Should neurosurgeons continue to work in the absence of personal protective equipment during the COVID-19 era?

Marleen Eijkholt, Alexander Hulsbergen, Ivo Muskens, Tiit Illimar Mathiesen, Ciaran Bolger, Zeev Feldman, Neil Kitchen, Nicolás Samprón, Ulrika Sandvik, Magnus Tisell, Marike Broekman

2 Citationer (Scopus)

Abstract

The COVID-19 pandemic has resulted in a widespread shortage of personal protective equipment (PPE). Many healthcare workers, including neurosurgeons, have expressed concern about how to safely and adequately perform their medical responsibilities in these challenging circumstances. One of these concerns revolves around the pressing question: should providers continue to work in the absence of adequate PPE? Although the first peak of the COVID-19 crisis seems to have subsided and supply of PPE has increased, concerns about insufficient PPE availability remain. Inconsistent supply, limited efficacy, and continued high demand for PPE, combined with the continued threat of a second COVID-19 wave, mean that the issues surrounding PPE availability remain unresolved, including a duty to work. This paper offers an ethical investigation of whether neurosurgeons should perform their professional responsibilities with limited availability of PPE. We evaluate ethical considerations and conflicting duties and thereby hope to facilitate providers in making a well-considered personal and moral decision about this challenging issue.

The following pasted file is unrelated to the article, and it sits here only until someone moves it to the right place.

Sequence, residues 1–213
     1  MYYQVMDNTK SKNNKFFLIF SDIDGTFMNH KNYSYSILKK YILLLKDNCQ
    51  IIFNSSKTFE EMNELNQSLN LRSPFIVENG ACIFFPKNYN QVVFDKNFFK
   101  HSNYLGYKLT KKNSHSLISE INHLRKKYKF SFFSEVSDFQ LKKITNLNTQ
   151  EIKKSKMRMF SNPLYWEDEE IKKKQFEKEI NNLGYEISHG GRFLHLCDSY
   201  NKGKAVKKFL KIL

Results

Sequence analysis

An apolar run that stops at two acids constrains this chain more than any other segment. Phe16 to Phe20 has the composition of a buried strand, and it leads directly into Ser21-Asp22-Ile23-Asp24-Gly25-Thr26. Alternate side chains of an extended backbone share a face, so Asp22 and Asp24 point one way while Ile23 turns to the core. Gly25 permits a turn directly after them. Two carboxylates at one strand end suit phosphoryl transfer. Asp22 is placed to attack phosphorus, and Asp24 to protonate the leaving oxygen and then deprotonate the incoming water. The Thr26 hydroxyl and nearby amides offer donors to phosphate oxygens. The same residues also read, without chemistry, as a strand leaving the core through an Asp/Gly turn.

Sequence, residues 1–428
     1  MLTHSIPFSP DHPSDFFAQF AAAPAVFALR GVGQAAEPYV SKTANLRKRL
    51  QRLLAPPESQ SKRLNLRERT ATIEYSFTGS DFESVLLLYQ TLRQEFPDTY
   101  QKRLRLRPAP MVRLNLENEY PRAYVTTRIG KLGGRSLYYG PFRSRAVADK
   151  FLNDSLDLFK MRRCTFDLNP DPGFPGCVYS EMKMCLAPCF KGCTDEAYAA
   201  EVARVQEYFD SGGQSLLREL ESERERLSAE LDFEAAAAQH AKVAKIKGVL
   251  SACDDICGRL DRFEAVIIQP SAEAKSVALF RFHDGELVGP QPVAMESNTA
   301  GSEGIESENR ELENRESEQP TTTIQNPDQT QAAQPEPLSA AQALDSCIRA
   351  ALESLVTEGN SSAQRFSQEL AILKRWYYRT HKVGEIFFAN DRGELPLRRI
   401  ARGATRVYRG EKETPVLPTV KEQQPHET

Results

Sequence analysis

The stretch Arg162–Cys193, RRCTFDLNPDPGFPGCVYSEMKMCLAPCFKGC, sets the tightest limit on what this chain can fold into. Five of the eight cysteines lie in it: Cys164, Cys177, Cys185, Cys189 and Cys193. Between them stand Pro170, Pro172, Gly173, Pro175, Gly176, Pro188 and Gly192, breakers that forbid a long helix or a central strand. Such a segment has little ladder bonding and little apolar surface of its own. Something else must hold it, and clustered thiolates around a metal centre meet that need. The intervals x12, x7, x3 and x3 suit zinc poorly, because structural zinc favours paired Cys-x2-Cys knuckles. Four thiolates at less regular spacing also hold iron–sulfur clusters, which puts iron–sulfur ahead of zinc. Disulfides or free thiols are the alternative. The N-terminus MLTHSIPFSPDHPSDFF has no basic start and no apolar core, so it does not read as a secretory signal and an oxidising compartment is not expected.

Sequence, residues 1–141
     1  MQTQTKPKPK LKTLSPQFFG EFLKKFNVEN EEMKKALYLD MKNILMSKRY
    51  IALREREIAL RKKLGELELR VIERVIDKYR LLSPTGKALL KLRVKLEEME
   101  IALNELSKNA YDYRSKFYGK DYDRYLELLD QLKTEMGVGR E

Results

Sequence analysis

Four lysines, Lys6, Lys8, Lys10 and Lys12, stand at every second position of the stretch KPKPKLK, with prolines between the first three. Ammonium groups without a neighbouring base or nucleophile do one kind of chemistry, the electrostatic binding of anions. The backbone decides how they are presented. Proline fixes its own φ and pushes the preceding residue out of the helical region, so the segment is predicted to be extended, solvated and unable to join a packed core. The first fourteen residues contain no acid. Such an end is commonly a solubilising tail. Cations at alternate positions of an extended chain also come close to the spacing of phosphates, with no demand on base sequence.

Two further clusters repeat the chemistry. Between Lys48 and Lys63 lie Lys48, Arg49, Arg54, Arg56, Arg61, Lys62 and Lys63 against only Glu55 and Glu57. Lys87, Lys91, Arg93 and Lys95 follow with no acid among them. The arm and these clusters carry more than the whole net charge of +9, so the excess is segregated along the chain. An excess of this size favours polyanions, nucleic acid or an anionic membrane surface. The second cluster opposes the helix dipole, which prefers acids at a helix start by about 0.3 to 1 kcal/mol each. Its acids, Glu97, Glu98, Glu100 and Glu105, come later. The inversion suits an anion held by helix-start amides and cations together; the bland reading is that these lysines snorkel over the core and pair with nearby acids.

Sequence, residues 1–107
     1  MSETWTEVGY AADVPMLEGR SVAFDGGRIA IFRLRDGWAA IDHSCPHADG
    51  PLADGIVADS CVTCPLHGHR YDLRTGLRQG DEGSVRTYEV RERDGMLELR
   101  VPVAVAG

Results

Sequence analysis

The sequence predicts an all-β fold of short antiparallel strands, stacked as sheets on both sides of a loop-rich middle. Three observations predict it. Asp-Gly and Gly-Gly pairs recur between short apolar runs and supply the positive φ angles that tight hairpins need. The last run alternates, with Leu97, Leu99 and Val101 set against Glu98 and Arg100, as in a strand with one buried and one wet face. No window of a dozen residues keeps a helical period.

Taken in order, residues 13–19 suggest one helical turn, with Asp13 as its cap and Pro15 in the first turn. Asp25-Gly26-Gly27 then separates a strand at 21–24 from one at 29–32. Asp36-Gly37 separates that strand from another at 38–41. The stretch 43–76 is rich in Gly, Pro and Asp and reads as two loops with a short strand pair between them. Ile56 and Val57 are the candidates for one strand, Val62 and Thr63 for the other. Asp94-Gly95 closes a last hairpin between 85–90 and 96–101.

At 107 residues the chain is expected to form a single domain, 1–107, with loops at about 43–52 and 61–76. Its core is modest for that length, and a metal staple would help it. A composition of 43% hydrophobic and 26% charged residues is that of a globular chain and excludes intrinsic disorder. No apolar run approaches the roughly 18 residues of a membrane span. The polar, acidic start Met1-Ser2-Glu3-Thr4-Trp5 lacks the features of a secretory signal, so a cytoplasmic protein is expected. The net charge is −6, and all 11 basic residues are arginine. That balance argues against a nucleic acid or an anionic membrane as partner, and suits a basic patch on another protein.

OriginalsprogEngelsk
TidsskriftActa Neurochirurgica
Vol/bind163
Udgave nummer3
Sider (fra-til)593-598
Antal sider6
ISSN0001-6268
DOI
StatusUdgivet - mar. 2021

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